First up, Gardens of Stone: My Boyhood in the French Resistance by Stephen Grady and Michael Wright.
When I started reading about France three months ago I didn't think that my reading would lead me to books about the French Resistance. I got here via a couple of crime books, but principally Jacquot and the Angel by Martin O'Brien which dealt quite a lot with the French Resistance in the south of France during World War Two. It piqued my interest. I saw mention of Gardens of Stone on Goodreads and decided to order it from Amazon. So glad I did. I usually take longer to read non-fiction and thought this would be no different. Wrong. I whizzed through it, partly because the writing was so accessible (author, Michael Wright, actually wrote the book I believe) but also it really was absolutely fascinating. I'm not really a war story sort of a person but this gripped me from the start and didn't let go. The author recounts his wartime experiences in a very matter of fact way, given he was only a teenager at the time, the triumphs, the tragedies, the fear, it's all there. Some of it makes for difficult reading, betrayal to the Germans by neighbours was rife, but also it was incredibly uplifting to read what very ordinary people were capable on in the way of bravery. Stephen's resistance 'job' was to test allied airmen stranded in France to make sure they were not German spies, because English was his first language. But he also took part in sabotage missions, doing things that no young person should ever have to do. One particular event scarred him for life. An amazing book, one I would wholeheartedly recommend to anyone with an interest in the history of the second world war.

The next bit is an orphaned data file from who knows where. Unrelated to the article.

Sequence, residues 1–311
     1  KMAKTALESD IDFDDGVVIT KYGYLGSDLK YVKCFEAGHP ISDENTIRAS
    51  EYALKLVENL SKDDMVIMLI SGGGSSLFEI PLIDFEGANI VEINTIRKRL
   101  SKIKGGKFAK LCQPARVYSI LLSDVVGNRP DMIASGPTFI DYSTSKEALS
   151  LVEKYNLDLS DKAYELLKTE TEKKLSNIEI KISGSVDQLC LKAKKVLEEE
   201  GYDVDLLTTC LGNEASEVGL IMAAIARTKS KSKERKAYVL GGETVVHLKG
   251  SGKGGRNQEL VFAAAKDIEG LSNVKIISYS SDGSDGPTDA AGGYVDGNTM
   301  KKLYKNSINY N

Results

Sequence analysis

Lastly, The 12.30 From Croydon by Freeman Wills Crofts.
So here we have a murder mystery written, not from the point of view of the police officers who investigate the murder, but from the viewpoint of the man who does the deed. I don't think I've read one like this before, it was absolutely fascinating. We get the whole plan from start to finish and it's very strange because although Charles is really not a very likeable person you do find yourself 'almost' hoping he gets away with it. Note that I'm not saying whether or not he does... The tendancy is to think Charles is every bit as clever as he thinks he is, forgetting all the other crime books you've read where the police are not as stupid as the perpetrator assumes. Very clever stuff and I enjoyed this one very much. My only misgiving is a personal one, I don't care for court room dramas and for the last 100 pgs or so that's what this book becomes, so it lost a bit of its interest then for me. *But* another cracking BLCC book... which I highly recommend to lovers of Vintage Crime.